17. @DwightSo, if I'm guessing correctly, the neatsfoot oil is going to add a bit of the shine like the carnauba wax? I already have NFO on hand which would be great. I mainly make watch straps but would also like to use this for other small goods like coasters and down the road wallets, etc. I was planning on using that heating iron that I posted originally, and finishing with canvas. Neil
  18. OK, ordering some beeswax and carnauba wax... What ratio do you prefer? Great tip about the soft drink can! Add the wax, then set it in some hot water to melt? Best, Neil
  19. I've seen some waxes in pellets... so just buy them in pellets/small pieces and measure it out... it does sound pretty easy... beeswax and carnauba wax? Anything to consider about which type of each wax? I don't want any fragrances since my wife and I have bad allergies. White vs yellow beeswax? Best, Neil
  20. Hey all. I watched a video by leathertoolz on youtube about a small burnishing iron. While waiting for it to heat up, he talked about how he disliked using 100% beeswax for burnishing because it can be kind of tacky afterwards. He found a 90% beeswax, 10% paraffin mix that gave a smoother less tacky look. I can't seem to locate such a mixture and I'd prefer to buy and not try to mix it myself. Here was the video and the mini-iron he reviews. Thanks, Neil
  21. Hey all. A long overdue update on my coasters. Here are a few of them, mostly what was above, but now they're treated with 2 coasts of 50/50 Resolene & water and stitched. I sent some others to a friend who's be "field testing" them and the top coat is holding up well. I haven't been conditioning the new ones I've made. I honestly forgot... the top coat, adding the sheen, does reduce the feel you'd get from the leather. As far as applying the Resolene, I'm using two daubers, one to apply the coat liberally, then a second to mop up what hasn't soaked in after about a minute (basically any areas that are pooling). Also, I made way too much of the resolene mix, but have been keeping it in a sealed Gladware container. Any issue with long term storage? I'm at about a month now. Neil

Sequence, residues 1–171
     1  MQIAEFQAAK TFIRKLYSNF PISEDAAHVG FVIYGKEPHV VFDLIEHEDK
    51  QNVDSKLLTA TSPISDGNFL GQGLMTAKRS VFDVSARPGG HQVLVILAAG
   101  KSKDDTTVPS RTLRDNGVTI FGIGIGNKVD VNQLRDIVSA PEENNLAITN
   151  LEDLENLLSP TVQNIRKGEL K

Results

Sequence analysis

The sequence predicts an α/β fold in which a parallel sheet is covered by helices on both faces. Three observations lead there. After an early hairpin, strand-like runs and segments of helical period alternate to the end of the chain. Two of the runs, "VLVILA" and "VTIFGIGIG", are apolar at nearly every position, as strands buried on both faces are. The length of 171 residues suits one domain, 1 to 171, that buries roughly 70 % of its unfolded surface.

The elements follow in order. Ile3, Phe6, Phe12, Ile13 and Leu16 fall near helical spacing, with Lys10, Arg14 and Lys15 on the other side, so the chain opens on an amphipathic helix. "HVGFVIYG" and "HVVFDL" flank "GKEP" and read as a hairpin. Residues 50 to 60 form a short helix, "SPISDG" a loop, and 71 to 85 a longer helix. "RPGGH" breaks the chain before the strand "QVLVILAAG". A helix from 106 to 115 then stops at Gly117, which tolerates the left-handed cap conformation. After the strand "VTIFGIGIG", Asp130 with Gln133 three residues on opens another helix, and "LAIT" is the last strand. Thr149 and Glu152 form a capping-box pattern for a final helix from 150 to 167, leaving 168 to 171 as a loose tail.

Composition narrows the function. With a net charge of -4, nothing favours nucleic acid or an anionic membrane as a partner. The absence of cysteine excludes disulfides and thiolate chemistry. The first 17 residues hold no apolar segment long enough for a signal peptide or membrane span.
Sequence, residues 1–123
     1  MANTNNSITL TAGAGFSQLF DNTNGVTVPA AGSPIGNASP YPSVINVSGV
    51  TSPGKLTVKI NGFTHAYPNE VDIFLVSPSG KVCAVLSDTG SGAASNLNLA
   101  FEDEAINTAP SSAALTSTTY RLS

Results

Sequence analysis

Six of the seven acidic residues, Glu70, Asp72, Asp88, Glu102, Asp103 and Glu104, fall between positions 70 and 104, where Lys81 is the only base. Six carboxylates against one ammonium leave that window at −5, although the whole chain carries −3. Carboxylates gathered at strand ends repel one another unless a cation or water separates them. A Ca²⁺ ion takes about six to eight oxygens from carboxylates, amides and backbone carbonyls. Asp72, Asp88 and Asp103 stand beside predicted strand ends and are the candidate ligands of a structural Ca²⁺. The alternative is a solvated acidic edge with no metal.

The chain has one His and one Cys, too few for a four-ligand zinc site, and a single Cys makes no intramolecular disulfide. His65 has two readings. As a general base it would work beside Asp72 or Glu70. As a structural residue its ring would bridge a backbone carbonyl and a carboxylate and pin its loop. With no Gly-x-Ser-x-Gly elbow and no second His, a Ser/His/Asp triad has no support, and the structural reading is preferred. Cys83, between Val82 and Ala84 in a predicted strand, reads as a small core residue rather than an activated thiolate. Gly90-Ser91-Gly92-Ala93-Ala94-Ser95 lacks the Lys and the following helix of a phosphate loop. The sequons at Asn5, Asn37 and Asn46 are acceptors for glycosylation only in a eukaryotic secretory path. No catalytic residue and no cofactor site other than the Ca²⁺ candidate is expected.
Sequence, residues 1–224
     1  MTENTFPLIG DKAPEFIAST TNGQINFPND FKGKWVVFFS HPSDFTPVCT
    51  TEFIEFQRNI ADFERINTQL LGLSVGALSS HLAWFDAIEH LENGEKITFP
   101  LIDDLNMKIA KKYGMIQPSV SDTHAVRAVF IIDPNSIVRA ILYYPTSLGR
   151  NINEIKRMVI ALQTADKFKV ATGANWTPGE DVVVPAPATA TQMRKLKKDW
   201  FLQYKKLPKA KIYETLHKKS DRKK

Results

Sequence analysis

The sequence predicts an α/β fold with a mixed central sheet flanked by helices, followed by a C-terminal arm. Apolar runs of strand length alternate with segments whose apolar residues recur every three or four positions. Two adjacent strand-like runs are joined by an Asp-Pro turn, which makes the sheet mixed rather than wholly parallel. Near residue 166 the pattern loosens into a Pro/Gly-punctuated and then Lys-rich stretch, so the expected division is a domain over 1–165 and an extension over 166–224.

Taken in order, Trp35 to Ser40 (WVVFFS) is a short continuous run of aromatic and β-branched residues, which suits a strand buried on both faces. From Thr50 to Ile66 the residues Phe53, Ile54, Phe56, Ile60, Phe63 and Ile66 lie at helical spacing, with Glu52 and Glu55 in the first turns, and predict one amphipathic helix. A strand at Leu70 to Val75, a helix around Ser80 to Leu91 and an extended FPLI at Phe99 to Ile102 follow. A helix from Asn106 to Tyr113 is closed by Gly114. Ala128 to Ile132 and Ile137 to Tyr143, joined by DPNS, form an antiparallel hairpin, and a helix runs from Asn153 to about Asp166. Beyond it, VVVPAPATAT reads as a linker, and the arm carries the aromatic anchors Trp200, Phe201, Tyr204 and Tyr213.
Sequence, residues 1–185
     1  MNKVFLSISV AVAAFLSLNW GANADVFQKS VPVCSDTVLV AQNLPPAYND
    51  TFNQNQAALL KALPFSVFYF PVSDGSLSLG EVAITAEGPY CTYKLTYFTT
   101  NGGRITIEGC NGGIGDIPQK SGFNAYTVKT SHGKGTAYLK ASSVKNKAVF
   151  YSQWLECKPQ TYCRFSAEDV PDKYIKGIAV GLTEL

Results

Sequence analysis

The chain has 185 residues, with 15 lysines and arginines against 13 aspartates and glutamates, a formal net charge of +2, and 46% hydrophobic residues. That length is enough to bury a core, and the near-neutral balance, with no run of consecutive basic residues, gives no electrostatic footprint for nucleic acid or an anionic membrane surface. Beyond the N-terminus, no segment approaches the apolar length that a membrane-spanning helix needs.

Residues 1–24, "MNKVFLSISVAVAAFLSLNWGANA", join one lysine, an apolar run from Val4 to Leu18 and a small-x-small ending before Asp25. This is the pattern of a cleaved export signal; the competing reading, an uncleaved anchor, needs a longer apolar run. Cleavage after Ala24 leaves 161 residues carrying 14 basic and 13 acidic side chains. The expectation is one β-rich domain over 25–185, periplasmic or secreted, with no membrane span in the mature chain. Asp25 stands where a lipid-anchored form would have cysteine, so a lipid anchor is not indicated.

22. for conditioners, I have Bicks 4 and Dr Jackson's hide rejuvenator... The Dr Jackson's will darken it, but not the Bicks. I've got daubers for the resolene...
  23. ah this is good advice!! I bought Resolene for the project, so I'll go with that. Agreed that a little darkening will help bring out the colors a bit and the lettering. Should I use a sponge to apply the 50/50 resolene? If so, will a regular sponge like I use for dishes work? Side note, I realized that I also have the web from the gloves, which will be great for this type of project. I had been saving them, not knowing how to use them. Best, Neil
  24. Well, if anyone ever sees this, this is how they turned out. I decided to not put any top coat on them... I figured the baseball leather would soak up some condensation, but it wouldn't affect the overall aesthetic. It's used leather anyway.